Mecca: Saudi authorities said on Saturday the annual Haj pilgrimage would go ahead despite a crane collapse that killed 107 people at Mecca's Grand Mosque, where crowds returned to pray a day after the disaster.
Hundreds of thousands of pilgrims have already arrived in Mecca for the haj, one of the world's largest religious gatherings which last year drew two million worshippers.
Parts of the Grand Mosque, one of Islam's holiest sites, remained sealed off Saturday around the remains of the red and white crane, accentuating the crush of humanity inside.
Worshippers thronged the mosque as the midday call to prayer sounded, according to an AFP reporter.
Indonesians and Indians were among those killed when the crane collapsed during a storm on what is the main weekly prayer day for Muslims. Around 200 others were injured.
A Saudi official said this year's haj, expected to start on September 21, would proceed despite the tragedy.
"It definitely will not affect the haj this season and the affected part will probably be fixed in a few days," said the official, who declined to be named.
As world leaders offered condolences, the governor of Mecca region, Prince Khaled al-Faisal, ordered an investigation into the incident.
Abdel Aziz Naqoor, who said he works at the mosque, told AFP he saw the massive construction crane fall after being hit by the storm.
"If it weren't for Al-Tawaf bridge the injuries and deaths would have been worse," he said, referring to a covered walkway that surrounds the holy Kaaba, which broke the crane's fall.
The Kaaba is a massive cube-shaped structure at the centre of the mosque towards which Muslims worldwide pray.
Saudis and foreigners lined up on Friday night to give blood in response to the tragedy.
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Outside one hospital, more than 100 people waited in the street for their turn to donate.
Pictures of the incident on Twitter showed bloodied bodies strewn across a courtyard where the top part of the crane, which appeared to have bent or snapped, had crashed into the building which is several storeys high.
A video on YouTube showed people screaming and rushing around right after a massive crash was heard.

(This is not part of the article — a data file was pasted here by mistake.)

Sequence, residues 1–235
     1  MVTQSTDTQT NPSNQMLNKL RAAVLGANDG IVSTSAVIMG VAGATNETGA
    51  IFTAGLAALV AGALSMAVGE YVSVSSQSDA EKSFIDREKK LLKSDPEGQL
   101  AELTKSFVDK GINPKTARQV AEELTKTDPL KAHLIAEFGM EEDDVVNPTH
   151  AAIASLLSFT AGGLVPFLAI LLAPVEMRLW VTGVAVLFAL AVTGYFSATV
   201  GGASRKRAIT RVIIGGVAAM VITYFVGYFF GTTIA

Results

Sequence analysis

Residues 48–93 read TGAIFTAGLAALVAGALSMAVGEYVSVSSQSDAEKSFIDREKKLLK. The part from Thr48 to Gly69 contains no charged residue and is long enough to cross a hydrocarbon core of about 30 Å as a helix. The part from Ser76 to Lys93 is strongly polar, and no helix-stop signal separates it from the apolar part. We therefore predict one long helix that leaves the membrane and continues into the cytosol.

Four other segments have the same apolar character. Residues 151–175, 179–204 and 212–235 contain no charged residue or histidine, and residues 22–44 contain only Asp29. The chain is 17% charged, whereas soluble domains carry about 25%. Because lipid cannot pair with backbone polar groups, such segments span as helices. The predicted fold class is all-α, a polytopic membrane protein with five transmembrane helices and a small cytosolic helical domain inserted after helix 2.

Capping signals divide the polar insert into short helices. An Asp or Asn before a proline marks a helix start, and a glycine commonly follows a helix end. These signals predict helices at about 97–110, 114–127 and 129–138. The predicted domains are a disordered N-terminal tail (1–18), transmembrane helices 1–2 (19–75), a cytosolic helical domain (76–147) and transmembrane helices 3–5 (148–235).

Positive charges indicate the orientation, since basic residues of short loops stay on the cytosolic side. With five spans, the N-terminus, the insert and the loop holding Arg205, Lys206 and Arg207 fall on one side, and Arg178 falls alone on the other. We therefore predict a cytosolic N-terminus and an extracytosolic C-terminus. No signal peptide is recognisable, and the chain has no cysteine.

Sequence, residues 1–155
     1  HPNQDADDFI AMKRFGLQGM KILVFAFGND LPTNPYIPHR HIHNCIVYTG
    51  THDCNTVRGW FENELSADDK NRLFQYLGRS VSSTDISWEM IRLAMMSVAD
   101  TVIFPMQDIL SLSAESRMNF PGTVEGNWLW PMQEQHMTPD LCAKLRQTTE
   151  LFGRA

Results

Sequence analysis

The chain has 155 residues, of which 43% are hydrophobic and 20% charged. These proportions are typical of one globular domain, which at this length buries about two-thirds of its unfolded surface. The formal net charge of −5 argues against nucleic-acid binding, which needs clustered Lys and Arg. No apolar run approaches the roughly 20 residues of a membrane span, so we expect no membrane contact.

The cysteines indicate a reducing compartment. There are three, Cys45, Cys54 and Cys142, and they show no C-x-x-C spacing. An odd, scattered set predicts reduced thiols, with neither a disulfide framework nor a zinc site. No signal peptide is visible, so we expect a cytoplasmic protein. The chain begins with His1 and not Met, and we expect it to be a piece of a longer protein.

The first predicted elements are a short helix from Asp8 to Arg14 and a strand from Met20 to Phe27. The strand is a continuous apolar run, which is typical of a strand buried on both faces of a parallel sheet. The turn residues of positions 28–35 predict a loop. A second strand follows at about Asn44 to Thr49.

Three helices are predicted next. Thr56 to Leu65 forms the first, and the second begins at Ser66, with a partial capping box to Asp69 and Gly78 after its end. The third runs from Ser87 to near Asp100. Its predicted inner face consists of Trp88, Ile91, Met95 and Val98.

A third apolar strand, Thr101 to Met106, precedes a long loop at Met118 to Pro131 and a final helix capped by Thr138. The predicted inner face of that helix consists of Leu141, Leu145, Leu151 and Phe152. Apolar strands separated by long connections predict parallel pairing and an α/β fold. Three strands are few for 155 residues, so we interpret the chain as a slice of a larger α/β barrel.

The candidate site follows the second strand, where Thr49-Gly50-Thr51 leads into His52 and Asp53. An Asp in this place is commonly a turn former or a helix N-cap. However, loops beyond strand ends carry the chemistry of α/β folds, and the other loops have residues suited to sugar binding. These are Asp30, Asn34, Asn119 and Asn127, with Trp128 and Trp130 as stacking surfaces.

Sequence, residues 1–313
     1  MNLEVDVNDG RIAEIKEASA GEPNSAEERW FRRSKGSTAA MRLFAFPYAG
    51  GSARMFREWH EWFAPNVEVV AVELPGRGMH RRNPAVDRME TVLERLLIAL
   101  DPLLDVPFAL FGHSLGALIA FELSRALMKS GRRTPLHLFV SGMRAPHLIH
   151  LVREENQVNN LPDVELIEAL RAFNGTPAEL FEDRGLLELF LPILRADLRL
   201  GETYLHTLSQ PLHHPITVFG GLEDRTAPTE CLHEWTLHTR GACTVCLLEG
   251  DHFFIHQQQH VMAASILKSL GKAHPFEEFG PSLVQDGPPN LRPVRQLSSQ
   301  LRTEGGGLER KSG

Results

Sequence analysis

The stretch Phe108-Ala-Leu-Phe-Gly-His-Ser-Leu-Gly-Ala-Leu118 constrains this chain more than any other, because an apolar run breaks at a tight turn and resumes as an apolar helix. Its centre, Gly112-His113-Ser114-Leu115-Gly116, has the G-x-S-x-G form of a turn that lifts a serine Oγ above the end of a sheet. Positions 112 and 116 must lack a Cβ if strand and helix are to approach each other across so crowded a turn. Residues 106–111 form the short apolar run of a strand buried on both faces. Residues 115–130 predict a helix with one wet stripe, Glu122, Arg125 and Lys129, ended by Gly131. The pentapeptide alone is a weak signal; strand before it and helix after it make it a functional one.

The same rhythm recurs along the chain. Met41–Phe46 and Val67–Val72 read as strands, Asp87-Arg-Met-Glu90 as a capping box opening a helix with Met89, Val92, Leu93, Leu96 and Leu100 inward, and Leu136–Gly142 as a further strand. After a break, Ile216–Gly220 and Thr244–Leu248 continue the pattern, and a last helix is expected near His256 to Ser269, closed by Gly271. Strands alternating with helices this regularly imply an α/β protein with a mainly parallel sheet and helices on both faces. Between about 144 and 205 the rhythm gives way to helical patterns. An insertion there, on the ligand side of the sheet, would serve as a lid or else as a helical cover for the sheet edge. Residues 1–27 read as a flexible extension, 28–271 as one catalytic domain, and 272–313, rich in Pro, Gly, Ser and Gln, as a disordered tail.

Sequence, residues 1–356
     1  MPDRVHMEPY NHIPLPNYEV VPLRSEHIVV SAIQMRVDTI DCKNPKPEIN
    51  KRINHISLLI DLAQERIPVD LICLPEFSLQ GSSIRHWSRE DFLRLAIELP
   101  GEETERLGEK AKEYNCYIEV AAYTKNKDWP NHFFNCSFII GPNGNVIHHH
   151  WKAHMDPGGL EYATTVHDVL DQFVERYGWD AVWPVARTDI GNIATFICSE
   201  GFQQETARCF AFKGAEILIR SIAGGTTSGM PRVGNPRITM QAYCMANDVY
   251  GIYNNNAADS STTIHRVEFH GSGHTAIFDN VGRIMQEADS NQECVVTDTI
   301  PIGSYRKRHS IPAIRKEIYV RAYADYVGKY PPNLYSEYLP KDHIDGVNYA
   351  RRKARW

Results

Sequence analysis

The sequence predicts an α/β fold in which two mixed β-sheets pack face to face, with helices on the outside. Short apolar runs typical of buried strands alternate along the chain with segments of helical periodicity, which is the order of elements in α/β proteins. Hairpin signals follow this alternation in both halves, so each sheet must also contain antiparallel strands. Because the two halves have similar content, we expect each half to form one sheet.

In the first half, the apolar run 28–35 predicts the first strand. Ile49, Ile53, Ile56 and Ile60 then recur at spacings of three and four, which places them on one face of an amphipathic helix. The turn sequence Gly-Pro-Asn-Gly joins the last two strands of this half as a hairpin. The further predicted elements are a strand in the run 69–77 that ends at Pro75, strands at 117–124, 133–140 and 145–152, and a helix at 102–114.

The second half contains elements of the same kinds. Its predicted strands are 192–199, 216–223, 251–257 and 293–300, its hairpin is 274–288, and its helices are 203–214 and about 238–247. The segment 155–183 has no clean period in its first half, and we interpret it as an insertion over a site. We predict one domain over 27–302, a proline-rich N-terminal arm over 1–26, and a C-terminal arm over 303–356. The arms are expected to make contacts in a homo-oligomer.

Many faithful would have been gathered there ahead of evening maghrib prayers, which occurred about an hour after the tragedy.
Ahmed bin Mohammad al-Mansoori, spokesman for the two holy mosques, was quoted by the official Saudi Press Agency as saying part of a crane collapsed at 5.10pm (1410 GMT) "as a result of strong winds and heavy rains".
More rain and strong winds were forecast for Saturday, the agency said.
Irfan al-Alawi, co-founder of the Mecca-based Islamic Heritage Research Foundation, compared the carnage to that caused by a bomb.
He suggested authorities were negligent by having a series of cranes overlooking the mosque.
"They do not care about the heritage, and they do not care about health and safety," he told AFP.
Alawi is an outspoken critic of redevelopment at the holy sites, which he says is wiping away tangible links to the Prophet Mohammed.
Indonesian foreign ministry spokesman Arrmanatha Nasir said that in addition to two Indonesians who lost their lives, more than 30 were injured, some seriously.
The foreign ministry in New Delhi said two Indians were killed and that 15 others were being treated in hospital for injuries.
Malaysia said 10 of its nationals were hurt and six unaccounted for.
Iran's official IRNA news agency said 15 Iranian pilgrims were among those hurt, while Egypt said 23 of its nationals were injured.
Condolences came from around the world, including from Arab leaders, Indian Prime Minister Narendra Modi, and Britain's David Cameron.
It is not the first time tragedy has struck Mecca pilgrims. In 2006, several hundred were killed in a stampede during the Stoning of the Devil ritual in nearby Mina, following a similar incident two years earlier.
But the haj has been nearly incident-free in recent years because of multi-billion dollar projects.
Work is under way to expand the area of the Grand Mosque by 400,000 square metres (4.3 million square feet), allowing it to accommodate up to 2.2 million people at once.
Several cranes tower over the site under a project being carried out by Saudi Binladin Group, which belongs to the family of the late al Qaeda leader Osama bin Laden.